The rest of the soundtrack features minor contributions from other members of Basiscape and some guest contributors. Rikako Watanabe’s “Philosopher’s Tower” features sitar, hand percussion, and a sense of mysticism, providing a wonderful melody and atmosphere. The woodwind melody, in particularly, gives off a nice airy vibe. On the other end of the spectrum is “Slapstick Castanet,” a jovial tune with bright woodwinds, castanet, piano, accordion, etc. It is much more comedic in approach, providing a fun listen. Kazuki Higashihara’s “Jillian’s on Stage” is a Middle Eastern inspired tune with a fun melody and a great soundscape, although it does come off as a bit cliched. Masaharu Iwata’s “Ancient Fortress” is atmospheric and combines dulcimer, strings, woodwinds, to give it a mystical sound. The melody and soundscape are exquisite. “House of the Lord,” by Atsume Hashimoto, gives off ominous tones, thanks to the deep strings; however, this is contrasted with glockenspiel and woodwinds that give it a more whimsical feel. The end result is a march tune with some wonderful contrast and a great melody that carries both aspects of the piece quite nicely. However, the highlight of the entire album, in my opinion, is Masaki Kawasaki’s “Guriam Borderland.” It is an exquisite piece with a beautiful atmosphere, mysterious strings, and a stunning melody with haunting piano harmonies. The B section, in particular, with its brass melody exudes power before transitioning into a more reflective strings section. It’s a tune that would fit right in with Final Fantasy XIV‘s Heavensward expansion.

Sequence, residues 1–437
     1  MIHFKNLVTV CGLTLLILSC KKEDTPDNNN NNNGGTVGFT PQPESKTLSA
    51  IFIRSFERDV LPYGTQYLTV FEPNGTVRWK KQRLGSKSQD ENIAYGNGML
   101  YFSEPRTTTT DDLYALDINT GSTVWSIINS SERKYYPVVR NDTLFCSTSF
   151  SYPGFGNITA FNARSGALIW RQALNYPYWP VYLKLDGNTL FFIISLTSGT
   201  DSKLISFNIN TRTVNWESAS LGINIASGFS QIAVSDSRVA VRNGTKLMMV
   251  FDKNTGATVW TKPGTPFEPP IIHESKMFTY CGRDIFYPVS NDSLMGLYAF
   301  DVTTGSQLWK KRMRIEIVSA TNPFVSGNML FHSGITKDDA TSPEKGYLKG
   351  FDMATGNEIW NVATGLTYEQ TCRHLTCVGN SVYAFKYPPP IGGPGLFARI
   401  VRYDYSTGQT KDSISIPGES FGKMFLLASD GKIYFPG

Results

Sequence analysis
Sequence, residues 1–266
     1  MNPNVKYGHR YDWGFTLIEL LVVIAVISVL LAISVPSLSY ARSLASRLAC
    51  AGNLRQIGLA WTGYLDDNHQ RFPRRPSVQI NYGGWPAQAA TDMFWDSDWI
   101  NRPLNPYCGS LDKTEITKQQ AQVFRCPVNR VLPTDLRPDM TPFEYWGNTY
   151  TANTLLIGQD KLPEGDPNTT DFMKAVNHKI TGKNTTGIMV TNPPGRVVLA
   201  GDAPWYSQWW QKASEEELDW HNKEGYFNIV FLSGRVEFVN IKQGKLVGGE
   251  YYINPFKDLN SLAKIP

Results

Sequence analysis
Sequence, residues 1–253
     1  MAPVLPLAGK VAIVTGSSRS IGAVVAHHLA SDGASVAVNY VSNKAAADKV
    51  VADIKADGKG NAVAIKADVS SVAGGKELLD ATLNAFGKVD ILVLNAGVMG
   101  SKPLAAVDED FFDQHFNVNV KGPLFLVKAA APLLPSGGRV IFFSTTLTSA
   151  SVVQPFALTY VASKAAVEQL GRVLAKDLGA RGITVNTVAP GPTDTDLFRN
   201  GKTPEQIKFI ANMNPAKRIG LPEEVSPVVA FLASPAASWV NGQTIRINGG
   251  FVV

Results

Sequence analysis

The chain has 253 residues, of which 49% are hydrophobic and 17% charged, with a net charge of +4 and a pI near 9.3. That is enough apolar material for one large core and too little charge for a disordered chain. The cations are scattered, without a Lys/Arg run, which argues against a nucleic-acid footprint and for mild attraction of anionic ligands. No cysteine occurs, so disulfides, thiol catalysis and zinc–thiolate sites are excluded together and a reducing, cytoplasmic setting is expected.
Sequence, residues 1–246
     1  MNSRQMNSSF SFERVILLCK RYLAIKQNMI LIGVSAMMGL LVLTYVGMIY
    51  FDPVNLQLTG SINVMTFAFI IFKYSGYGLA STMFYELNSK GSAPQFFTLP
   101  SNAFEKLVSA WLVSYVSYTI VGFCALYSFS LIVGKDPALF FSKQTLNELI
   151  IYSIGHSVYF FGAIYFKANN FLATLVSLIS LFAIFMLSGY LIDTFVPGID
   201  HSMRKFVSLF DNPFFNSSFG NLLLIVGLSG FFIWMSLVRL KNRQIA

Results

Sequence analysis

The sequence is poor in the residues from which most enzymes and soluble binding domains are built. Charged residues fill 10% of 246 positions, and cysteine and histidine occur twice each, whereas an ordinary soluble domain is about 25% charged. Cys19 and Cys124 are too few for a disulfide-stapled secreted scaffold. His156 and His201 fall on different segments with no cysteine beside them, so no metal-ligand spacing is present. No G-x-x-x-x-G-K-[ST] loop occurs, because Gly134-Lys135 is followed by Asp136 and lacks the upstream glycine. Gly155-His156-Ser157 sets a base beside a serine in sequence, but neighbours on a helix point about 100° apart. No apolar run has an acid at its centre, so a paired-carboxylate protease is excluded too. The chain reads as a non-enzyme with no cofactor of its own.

The Caravan Stories Original Soundtrack Vol. 8 is a fitting end to a series of soundtrack releases encapsulating the breadth of variety found within the game itself. While it doesn’t necessarily excel at portraying a single style, due to its content focus, it encompasses the highlights heard throughout the previous releases. Whether it is from guest contributors or from Basiscape composers, the music at hand is well-composed and lets the listener experience a range of emotions. Fans of the previous releases will certainly be satisfied with the final release in the soundtrack series.

Caravan Stories Original Soundtrack Vol. 8 Don Kotowski

Do you agree with the review and score? Let us know in the comments below!


Posted on April 10, 2019 by Don Kotowski. Last modified on April 10, 2019.

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About the Author

Currently residing in Philadelphia. I spend my days working in vaccine characterization and dedicate some of my spare time in the evening to the vast world of video game music, both reviewing soundtracks as well as maintaining relationships with composers overseas in Europe and in Japan.